# Let $(x_n)$ and $(y_n)$ be sequences such that $x_n$ in $[0, 1]$ and $y_n$ in $[1, 2]$

Use the Bolzano-Weierstrass Theorem to show that there are numbers $$m_1, m_2, ...$$ such that $$x_{m_j}$$ and $$y_{m_j}$$ converge for j=1,2,...

So I have trouble approaching this problem. I can apply the Bolzano Weierstrass to the sequences separately to get $$x_{m_k}$$ converging to some $$x$$ and $$y_{m_j}$$ converging to some $$y$$, but this doesn't help.

I have also thought of adding $$x_n$$ and $$y_n$$ and subtracting $$x_n$$ and $$y_n$$ to get two bounded sequences each of which converges by Bolzano Weierstrass, but not sure this leads anywhere.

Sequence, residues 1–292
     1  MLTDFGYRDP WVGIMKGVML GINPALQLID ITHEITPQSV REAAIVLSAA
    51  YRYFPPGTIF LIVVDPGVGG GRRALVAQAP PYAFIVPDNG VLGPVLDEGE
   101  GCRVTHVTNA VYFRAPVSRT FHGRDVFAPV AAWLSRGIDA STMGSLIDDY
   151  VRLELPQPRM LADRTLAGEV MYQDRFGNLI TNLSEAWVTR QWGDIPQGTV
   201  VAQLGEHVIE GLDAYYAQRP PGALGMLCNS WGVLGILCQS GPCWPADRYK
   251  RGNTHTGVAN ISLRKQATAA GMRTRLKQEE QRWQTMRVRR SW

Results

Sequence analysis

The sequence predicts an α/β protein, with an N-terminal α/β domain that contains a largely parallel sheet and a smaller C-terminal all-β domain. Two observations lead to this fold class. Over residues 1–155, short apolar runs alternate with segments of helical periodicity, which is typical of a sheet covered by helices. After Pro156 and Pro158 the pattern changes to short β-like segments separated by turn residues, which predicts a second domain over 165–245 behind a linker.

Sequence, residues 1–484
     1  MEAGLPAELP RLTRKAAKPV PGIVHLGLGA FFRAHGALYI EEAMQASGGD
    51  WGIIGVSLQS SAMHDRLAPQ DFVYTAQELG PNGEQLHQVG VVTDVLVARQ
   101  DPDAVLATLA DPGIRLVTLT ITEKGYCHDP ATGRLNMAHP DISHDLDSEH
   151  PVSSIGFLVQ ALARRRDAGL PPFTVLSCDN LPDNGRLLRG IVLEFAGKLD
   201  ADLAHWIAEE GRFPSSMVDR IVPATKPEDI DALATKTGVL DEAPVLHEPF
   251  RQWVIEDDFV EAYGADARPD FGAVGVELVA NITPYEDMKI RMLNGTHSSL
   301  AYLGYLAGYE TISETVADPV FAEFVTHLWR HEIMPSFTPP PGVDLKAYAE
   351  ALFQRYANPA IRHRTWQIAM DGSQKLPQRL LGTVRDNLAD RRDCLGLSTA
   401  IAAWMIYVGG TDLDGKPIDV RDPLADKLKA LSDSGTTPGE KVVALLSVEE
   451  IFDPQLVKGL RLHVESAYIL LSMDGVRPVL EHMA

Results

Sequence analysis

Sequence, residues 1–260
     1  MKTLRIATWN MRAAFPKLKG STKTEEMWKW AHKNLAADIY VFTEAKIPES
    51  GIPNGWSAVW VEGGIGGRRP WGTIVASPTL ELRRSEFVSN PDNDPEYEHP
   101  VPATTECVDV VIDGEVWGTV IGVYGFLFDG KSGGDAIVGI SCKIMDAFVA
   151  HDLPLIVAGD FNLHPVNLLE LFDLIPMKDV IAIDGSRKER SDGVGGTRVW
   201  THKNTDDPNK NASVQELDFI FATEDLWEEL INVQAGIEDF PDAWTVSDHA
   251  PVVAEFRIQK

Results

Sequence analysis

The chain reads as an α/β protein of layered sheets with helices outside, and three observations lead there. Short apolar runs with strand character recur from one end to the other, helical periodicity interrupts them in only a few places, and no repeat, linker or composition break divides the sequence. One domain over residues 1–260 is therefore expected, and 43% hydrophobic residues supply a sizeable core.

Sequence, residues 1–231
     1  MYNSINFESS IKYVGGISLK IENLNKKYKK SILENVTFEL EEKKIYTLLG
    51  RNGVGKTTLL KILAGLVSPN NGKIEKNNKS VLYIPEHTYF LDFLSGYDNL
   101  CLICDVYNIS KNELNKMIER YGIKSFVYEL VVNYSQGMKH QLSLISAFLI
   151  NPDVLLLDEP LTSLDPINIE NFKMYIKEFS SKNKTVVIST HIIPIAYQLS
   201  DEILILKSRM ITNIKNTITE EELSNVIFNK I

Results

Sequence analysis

How do you approach this problem?

The Bolzano–Weierstrass theorem holds not only for bounded sequences in $$\Bbb R$$, but also for bounded sequences in the finite-dimensional space $$\Bbb R^d$$. This can be seen by repeatedly picking convergent subsequences in each coordinate.
In your case ($$d=2$$) that would work as follows:
First apply Bolzano-Weierstrass to the (bounded) sequence $$(x_n)_n$$, that gives a convergent subsequence $$(x_{n_k})_k$$.
Then apply Bolzano-Weierstrass to the (bounded) subsequence $$(y_{n_k})_k$$ of $$(y_n)_n$$, that gives a convergent subsequence $$(y_{n_{k_j}})_j$$. Note that $$(x_{n_{k_j}})_j$$ is also convergent as a subsequence of $$(x_{n_k})_k$$.
Therefore, with $$m_j = n_{k_j}$$, $$(x_{m_j})_j$$ and $$(y_{m_j})_j$$ are “common” convergent subsequences of $$(x_n)_n$$ and $$(y_n)_n$$ respectively.